Now, tonight we’re gonna settle down to a home cooked meal of curry and rice and tomorrow we’re back on a train to Colombo. We managed to get 2nd class tickets for the 5 hour train ride, so it should be reasonably comfortable. After that it’s only one more night in Sri Lanka, so our time here is coming to a close. It’s been a very fun and interesting time. The movement from one region to another has really presented some remarkable contrasts in scenery. The capital Colombo is a bustling city with stark gaps in income and quality of life, spanning from luxury glass and steel high rise condominiums to small wood and scrap shacks without electricity or running water. The highlands of Nanu Oya and Nuwara Eliya presented vast expanses of lush green tea plantations, waterfalls, erosion in the moutainsides exposing cracks of the ubiquitous Sri Lankan red clay soil. Kandy is a busy and largely impoverished city, flanked by numerous historic sites, in a jungle climate famous for growing spices. Moving north to Anuradhapura, it has been much more rural, with flat rice fields, and a population that (by appearances) seems to lean more Hindu than Buddhist (or Muslim, as in parts of Kandy). Even though these places are within hours driving distances of each other, they almost feel like they could be different countries. However, there have been a couple things we’ve taken notice of that have been consistent no matter where we’ve been in Sri Lanka, one of them cute, and one of them just a little creepy.
Ok, so, there are a lot of dogs in Sri Lanka. They are everywhere. Packs of them. They were rustling in the tea bushes in the Sri Lankan highlands. They’ve been trotting along the roadside on every drive we’ve taken here. Heck, they sleep on the roads. There were dogs barking at the monkeys on top of Sigiriya rock, and I have no idea how they got up there. Seriously, they have a lot of wild dogs. Our driver mentioned that it is against the law to euthanize them, and people (in general) do seem to take care to avoid harming them. What we found remarkable was the good condition of many of the dogs. I mean, these are wild dogs, they’re not family pets, so I wouldn’t expect fat dogs with shiny coats. Compared to some other places we’ve been where you frequently see emaciated, dead and dying dogs (I’m looking at you, Puerto Rico!!!), the Sri Lankan dogs are in pretty good shape. Another thing we found remarkable, and probably the main thing we kept commenting on, was how they all look exactly the same. The overwhelming majority of them are brown, and we decided that since there didn’t appear to be any breed variation of Sri Lankan dogs, they can only be distinguished by shades of brown. So, in usage, one might comment on the shiny coat of that “brown dog #12” or how clean that (lighter shade) “brown dog #8” looked. What struck me in their homogeneity is that we might be looking at dogs that look just exactly like the dogs looked here thousands of years ago.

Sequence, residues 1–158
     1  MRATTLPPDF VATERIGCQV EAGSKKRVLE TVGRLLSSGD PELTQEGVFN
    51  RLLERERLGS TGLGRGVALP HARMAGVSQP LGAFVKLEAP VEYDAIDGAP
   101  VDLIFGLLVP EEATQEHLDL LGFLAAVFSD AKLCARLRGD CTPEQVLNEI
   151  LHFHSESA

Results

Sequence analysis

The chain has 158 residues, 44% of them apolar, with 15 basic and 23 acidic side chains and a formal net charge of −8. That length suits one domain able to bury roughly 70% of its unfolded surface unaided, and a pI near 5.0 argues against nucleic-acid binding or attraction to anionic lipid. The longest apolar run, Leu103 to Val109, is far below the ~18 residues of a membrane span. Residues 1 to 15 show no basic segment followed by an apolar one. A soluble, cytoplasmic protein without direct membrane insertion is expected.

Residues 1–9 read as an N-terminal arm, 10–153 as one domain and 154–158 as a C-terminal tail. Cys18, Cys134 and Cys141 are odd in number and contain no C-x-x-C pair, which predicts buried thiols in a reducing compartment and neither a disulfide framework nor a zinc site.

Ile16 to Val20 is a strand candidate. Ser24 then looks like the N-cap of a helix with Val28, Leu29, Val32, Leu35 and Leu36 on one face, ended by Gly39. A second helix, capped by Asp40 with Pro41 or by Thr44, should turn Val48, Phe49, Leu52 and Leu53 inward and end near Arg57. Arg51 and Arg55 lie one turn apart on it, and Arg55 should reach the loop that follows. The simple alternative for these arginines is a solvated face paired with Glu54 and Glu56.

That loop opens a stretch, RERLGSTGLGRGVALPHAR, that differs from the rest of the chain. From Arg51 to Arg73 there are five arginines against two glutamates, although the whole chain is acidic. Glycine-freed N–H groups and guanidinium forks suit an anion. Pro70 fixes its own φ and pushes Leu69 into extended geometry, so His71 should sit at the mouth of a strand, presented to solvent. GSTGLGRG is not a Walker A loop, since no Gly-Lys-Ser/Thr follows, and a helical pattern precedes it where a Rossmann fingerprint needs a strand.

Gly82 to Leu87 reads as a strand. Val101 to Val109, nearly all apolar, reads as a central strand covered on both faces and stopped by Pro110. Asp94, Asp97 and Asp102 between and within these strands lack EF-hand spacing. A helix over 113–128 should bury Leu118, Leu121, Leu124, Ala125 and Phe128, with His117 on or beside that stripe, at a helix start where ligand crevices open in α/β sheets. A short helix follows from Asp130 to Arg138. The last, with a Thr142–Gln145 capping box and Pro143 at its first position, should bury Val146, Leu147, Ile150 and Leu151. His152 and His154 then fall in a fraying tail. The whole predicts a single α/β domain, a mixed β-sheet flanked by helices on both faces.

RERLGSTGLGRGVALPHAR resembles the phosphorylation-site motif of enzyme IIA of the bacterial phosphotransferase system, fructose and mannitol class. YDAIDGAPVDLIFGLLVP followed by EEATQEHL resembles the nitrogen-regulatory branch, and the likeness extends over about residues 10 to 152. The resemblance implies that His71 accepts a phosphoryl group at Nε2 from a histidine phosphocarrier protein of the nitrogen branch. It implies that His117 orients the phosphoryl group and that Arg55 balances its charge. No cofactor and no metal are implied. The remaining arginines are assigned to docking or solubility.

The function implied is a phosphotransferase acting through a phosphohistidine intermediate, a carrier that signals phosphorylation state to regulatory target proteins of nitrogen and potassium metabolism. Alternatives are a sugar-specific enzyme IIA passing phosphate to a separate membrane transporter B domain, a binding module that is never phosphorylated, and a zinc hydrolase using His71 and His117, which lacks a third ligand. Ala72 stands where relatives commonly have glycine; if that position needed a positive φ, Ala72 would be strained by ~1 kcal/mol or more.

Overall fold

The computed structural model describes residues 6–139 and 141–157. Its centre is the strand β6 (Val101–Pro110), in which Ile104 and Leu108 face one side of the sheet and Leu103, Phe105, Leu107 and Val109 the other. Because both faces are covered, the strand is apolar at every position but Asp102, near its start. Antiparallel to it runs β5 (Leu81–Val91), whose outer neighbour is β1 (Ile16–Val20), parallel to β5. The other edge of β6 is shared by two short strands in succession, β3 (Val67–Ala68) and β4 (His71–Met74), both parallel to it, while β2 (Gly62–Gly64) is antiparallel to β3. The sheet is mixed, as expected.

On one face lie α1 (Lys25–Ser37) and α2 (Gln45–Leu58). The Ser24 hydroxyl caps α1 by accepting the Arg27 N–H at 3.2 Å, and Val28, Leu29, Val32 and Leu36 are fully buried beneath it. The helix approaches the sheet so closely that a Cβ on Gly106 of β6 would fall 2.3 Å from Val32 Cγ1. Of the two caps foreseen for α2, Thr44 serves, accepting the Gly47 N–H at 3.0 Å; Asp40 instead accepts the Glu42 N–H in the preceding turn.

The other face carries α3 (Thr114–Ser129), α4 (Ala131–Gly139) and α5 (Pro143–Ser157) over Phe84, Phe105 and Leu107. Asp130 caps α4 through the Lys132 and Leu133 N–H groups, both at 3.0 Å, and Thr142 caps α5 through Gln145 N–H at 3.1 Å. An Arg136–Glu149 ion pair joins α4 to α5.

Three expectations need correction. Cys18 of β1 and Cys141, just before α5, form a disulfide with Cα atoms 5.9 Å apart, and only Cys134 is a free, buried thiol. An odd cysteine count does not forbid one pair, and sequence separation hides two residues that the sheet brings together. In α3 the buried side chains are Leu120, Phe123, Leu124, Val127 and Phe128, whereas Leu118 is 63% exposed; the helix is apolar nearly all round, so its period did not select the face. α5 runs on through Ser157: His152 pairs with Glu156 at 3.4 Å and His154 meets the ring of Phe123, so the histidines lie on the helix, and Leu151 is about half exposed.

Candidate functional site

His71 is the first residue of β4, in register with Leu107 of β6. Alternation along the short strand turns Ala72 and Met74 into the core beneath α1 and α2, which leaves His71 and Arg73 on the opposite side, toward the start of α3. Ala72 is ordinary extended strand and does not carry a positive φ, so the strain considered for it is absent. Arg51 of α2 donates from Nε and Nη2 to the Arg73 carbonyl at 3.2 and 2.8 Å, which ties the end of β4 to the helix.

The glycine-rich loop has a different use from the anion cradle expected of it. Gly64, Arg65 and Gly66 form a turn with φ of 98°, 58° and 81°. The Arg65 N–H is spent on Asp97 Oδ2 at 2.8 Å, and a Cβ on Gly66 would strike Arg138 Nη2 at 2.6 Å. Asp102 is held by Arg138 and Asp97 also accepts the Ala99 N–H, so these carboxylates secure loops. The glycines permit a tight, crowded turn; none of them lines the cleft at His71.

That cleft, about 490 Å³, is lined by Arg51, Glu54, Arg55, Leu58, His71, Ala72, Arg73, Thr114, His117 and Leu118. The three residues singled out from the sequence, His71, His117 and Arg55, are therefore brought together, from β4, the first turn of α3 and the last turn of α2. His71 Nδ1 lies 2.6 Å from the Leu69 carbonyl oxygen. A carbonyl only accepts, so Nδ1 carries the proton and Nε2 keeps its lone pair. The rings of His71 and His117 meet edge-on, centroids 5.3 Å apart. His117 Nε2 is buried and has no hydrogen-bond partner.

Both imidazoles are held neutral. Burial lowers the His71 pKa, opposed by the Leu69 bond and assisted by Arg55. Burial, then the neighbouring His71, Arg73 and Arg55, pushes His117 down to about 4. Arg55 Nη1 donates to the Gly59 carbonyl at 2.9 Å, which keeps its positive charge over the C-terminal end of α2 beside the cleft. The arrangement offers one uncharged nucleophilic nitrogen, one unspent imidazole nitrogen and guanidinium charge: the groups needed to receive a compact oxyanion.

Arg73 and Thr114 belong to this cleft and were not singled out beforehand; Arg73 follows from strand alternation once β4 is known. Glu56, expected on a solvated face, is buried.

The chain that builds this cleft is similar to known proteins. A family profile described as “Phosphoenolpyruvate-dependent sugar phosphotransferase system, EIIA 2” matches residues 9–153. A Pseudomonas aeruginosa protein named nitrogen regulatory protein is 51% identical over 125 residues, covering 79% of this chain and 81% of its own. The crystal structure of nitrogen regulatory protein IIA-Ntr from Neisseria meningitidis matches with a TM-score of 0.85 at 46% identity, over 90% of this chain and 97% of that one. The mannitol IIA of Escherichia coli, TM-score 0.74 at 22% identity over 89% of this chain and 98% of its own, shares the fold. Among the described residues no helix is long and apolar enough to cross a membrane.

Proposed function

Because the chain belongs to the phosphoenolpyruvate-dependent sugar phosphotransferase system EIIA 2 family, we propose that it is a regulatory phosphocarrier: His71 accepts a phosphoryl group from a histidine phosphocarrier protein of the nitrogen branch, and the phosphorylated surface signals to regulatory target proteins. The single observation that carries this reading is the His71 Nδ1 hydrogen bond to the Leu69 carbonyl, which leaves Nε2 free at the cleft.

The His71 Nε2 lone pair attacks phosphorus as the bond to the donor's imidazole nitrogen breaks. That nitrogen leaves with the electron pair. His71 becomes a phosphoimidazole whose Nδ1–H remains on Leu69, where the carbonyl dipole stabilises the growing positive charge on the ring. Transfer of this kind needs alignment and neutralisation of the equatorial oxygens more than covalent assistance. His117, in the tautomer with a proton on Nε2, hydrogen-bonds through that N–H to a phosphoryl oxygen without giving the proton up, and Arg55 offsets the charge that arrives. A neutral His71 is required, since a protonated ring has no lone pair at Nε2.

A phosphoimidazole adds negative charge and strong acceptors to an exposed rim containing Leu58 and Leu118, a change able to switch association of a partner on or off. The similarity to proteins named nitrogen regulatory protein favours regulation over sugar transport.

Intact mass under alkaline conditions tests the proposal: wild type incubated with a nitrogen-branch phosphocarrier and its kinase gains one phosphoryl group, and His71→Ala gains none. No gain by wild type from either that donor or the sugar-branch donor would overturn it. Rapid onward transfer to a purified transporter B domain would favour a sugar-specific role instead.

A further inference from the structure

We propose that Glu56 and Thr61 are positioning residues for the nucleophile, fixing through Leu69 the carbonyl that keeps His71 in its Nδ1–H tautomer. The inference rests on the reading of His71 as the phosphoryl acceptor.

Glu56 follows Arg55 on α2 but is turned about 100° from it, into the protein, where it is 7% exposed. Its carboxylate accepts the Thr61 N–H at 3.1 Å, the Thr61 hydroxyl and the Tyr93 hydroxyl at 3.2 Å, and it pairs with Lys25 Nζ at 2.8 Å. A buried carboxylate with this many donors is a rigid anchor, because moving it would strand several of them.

Lando Calrissian’s cheerful little brother
“Who is that guy with the mustache on all the billboards?”
“He’s the president.”
Discussions about this guy mentioned that he’s been president for ten years, which was the prior term limit. He went ahead and changed that law to allow the Sri Lankan people to benefit from his leadership and benevolence a little longer. Casual conversation has referred to him as “Hitler,” but then again Americans are pretty fond of calling every president they don’t like Hitler, so I’ll take that with a grain of salt. The billboards at every corner though, with the same smiling face, as though he has a hand in every bit of progress in every community…. It reminds me just a little of North Korea. Considering that Sri Lanka just emerged from a civil war though, and that we’re currently in a town that was unreachable by train just a few years ago… maybe we’ll stick to just asking questions about the history of a couple thousand years ago rather than asking about the shops selling camo fatigues and paramilitary stuff and Che Guevara iconography finding it’s way onto vehicles and buildings much more commonly up here. If you can’t avoid religion and politics altogether, you can at least make an effort to dance around it delicately.
I’ll try to toss another Sri Lanka post up before we fly out to the Maldives. Thanks for all the feedback from everyone!